The Stochastic Shortest Path (SSP) model refers to a type of reinforcement learning (RL) problems where an agent repeatedly interacts with a stochastic environment and aims to reach some specific goal state while minimizing the cumulative cost. Compared with other popular RL settings such as episodic and infinite-horizon Markov Decision Processes (MDPs), the horizon length in SSP is random, varies across different policies, and can potentially be infinite because the interaction only stops when arriving at the goal state. Therefore, the SSP model includes both episodic and infinitehorizon MDPs as special cases, and is comparably more general and of broader applicability. In particular, many goal-oriented real-world problems fit better into the SSP model, such as navigation and GO game (Andrychowicz et al., 2017; Nasiriany et al., 2019). In recent years, there emerges a line of works on developing efficient algorithms and the corresponding analyses for learning SSP. Most of them consider the episodic setting, where the interaction between the agent and the environment proceeds in K episodes (Cohen et al., 2020; Tarbouriech et al., 2020a). For tabular SSP models where the sizes of the action and state space are finite, Cohen et al. (2021) developed a finite-horizon reduction algorithm that achieves the minimax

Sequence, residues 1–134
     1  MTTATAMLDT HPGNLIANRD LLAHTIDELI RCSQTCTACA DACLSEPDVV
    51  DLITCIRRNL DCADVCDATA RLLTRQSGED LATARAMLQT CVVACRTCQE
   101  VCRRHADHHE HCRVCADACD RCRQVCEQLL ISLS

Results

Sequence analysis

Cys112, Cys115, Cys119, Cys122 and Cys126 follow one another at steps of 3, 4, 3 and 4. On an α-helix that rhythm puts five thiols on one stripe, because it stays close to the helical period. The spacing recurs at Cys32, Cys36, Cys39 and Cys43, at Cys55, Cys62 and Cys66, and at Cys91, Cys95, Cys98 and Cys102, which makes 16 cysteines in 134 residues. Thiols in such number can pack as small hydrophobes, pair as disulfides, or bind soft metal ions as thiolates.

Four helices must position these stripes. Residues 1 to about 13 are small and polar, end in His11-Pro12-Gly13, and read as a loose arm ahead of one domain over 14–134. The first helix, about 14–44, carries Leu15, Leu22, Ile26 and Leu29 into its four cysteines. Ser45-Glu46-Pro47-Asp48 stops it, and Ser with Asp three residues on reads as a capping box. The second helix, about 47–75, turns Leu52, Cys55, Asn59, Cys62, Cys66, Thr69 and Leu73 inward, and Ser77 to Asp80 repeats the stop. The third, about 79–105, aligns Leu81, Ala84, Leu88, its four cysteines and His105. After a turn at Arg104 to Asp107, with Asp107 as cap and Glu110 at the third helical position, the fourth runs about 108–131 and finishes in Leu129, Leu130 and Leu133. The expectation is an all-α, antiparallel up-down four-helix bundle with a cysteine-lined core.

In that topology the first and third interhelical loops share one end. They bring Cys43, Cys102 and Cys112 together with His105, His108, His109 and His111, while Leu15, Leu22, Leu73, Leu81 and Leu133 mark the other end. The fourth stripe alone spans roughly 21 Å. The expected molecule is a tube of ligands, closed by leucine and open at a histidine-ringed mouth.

Learner to learner fuzzy profiles similarity using a hybrid interaction analysis grid

arXiv.org Artificial Intelligence

The analysis of remote discussions is not yet at the same level as the face-to-face ones. The present paper aspires two-fold. On the one hand, it attempts to establish a suitable environment of interaction and collaboration among learners by using the speech acts via a semi structured synchronous communication tool. On the other, it aims to define behavioral profiles and interpersonal skills hybrid grid by matching the BALES' IPA and PLETY's analysis system. By applying the fuzzy logic, we formalize human reasoning and, thus, giving very appreciable flexibility to the reasoning that use it, which makes it possible to take into account imprecisions and uncertainties. In addition, the educational data mining techniques are used to optimize the mapping of behaviors to learner's profile, with similarity-based clustering, using Eros and PCA measures. In order to show the validity of our system, we performed an experiment on real-world data. The results show, among others: (1) the usefulness of fuzzy logic to properly translate the profile text descriptions into a mathematical format, (2) an irregularity in the behavior of the learners, (3) the correlation between the profiles, (4) the superiority of Eros method to the PCA factor in precision.